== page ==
When you're connected to a remote computer via a one-to-one interactive PowerShell remoting session, you're effectively sitting at the remote computer. The objects are normal objects just like the ones you've been working with throughout this entire book.

[dc01]:  Get-Process | Get-Member
   TypeName: System.Diagnostics.Process

Name                       MemberType     Definition
----                       ----------     ----------
Handles                    AliasProperty  Handles = Handlecount
Name                       AliasProperty  Name = ProcessName
NPM                        AliasProperty  NPM = NonpagedSystemMemorySize64
PM                         AliasProperty  PM = PagedMemorySize64
SI                         AliasProperty  SI = SessionId
VM                         AliasProperty  VM = VirtualMemorySize64
WS                         AliasProperty  WS = WorkingSet64
Disposed                   Event          System.EventHandler Disposed(System.Object, ...
ErrorDataReceived          Event          System.Diagnostics.DataReceivedEventHandler ...
Exited                     Event          System.EventHandler Exited(System.Object, Sy...
OutputDataReceived         Event          System.Diagnostics.DataReceivedEventHandler ...
BeginErrorReadLine         Method         void BeginErrorReadLine()
BeginOutputReadLine        Method         void BeginOutputReadLine()
CancelErrorRead            Method         void CancelErrorRead()
CancelOutputRead           Method         void CancelOutputRead()
Close                      Method         void Close()
CloseMainWindow            Method         bool CloseMainWindow()
CreateObjRef               Method         System.Runtime.Remoting.ObjRef CreateObjRef(...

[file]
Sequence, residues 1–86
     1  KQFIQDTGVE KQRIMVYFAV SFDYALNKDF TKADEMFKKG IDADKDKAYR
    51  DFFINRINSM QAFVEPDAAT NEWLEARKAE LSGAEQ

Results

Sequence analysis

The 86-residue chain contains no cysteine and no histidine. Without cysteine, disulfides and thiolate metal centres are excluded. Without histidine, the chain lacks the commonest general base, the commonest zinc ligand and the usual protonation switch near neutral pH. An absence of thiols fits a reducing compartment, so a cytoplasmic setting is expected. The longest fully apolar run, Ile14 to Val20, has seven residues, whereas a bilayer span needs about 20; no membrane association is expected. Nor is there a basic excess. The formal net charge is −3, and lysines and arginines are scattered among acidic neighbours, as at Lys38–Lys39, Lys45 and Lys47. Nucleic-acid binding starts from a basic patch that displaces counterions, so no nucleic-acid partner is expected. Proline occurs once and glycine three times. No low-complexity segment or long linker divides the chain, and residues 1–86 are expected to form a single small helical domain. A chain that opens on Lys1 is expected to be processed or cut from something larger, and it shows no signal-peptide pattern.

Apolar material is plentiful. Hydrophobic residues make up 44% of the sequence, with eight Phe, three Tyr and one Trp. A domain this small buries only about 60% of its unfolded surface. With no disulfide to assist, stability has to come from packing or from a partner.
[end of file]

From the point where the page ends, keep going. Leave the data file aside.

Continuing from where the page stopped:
Dispose                    Method         void Dispose(), void IDisposable.Dispose()
Equals                     Method         bool Equals(System.Object obj)
GetHashCode                Method         int GetHashCode()
GetLifetimeService         Method         System.Object GetLifetimeService()
GetType                    Method         type GetType()
InitializeLifetimeService  Method         System.Object InitializeLifetimeService()
Kill                       Method         void Kill()
Refresh                    Method         void Refresh()
Start                      Method         bool Start()
ToString                   Method         string ToString()
WaitForExit                Method         bool WaitForExit(int milliseconds), void Wai...
WaitForInputIdle           Method         bool WaitForInputIdle(int milliseconds), boo...
__NounName                 NoteProperty   string __NounName=Process
BasePriority               Property       int BasePriority {get;}
Container                  Property       System.ComponentModel.IContainer Container {...
EnableRaisingEvents        Property       bool EnableRaisingEvents {get;set;}
ExitCode                   Property       int ExitCode {get;}
ExitTime                   Property       datetime ExitTime {get;}
Handle                     Property       System.IntPtr Handle {get;}
HandleCount                Property       int HandleCount {get;}
HasExited                  Property       bool HasExited {get;}
Id                         Property       int Id {get;}
MachineName                Property       string MachineName {get;}
MainModule                 Property       System.Diagnostics.ProcessModule MainModule ...
MainWindowHandle           Property       System.IntPtr MainWindowHandle {get;}
MainWindowTitle            Property       string MainWindowTitle {get;}
MaxWorkingSet              Property       System.IntPtr MaxWorkingSet {get;set;}
MinWorkingSet              Property       System.IntPtr MinWorkingSet {get;set;}
Modules                    Property       System.Diagnostics.ProcessModuleCollection M...
NonpagedSystemMemorySize   Property       int NonpagedSystemMemorySize {get;}
NonpagedSystemMemorySize64 Property       long NonpagedSystemMemorySize64 {get;}
PagedMemorySize            Property       int PagedMemorySize {get;}
PagedMemorySize64          Property       long PagedMemorySize64 {get;}
PagedSystemMemorySize      Property       int PagedSystemMemorySize {get;}
PagedSystemMemorySize64    Property       long PagedSystemMemorySize64 {get;}
PeakPagedMemorySize        Property       int PeakPagedMemorySize {get;}
PeakPagedMemorySize64      Property       long PeakPagedMemorySize64 {get;}
PeakVirtualMemorySize      Property       int PeakVirtualMemorySize {get;}
PeakVirtualMemorySize64    Property       long PeakVirtualMemorySize64 {get;}
PeakWorkingSet             Property       int PeakWorkingSet {get;}